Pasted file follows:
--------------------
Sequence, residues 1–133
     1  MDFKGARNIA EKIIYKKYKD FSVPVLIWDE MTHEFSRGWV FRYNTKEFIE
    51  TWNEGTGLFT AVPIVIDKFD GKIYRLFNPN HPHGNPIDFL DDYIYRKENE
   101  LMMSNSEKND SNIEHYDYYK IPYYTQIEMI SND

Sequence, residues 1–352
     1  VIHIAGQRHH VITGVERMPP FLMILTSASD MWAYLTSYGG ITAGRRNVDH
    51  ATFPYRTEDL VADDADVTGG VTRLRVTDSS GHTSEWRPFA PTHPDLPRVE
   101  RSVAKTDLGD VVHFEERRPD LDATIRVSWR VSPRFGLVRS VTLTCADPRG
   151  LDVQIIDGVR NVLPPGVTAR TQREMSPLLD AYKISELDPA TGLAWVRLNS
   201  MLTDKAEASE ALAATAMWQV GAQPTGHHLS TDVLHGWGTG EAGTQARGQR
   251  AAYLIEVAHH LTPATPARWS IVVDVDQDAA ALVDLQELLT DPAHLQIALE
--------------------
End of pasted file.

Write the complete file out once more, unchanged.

Sequence, residues 1–133
     1  MDFKGARNIA EKIIYKKYKD FSVPVLIWDE MTHEFSRGWV FRYNTKEFIE
    51  TWNEGTGLFT AVPIVIDKFD GKIYRLFNPN HPHGNPIDFL DDYIYRKENE
   101  LMMSNSEKND SNIEHYDYYK IPYYTQIEMI SND

Sequence, residues 1–352
     1  VIHIAGQRHH VITGVERMPP FLMILTSASD MWAYLTSYGG ITAGRRNVDH
    51  ATFPYRTEDL VADDADVTGG VTRLRVTDSS GHTSEWRPFA PTHPDLPRVE
   101  RSVAKTDLGD VVHFEERRPD LDATIRVSWR VSPRFGLVRS VTLTCADPRG
   151  LDVQIIDGVR NVLPPGVTAR TQREMSPLLD AYKISELDPA TGLAWVRLNS
   201  MLTDKAEASE ALAATAMWQV GAQPTGHHLS TDVLHGWGTG EAGTQARGQR
   251  AAYLIEVAHH LTPATPARWS IVVDVDQDAA ALVDLQELLT DPAHLQIALE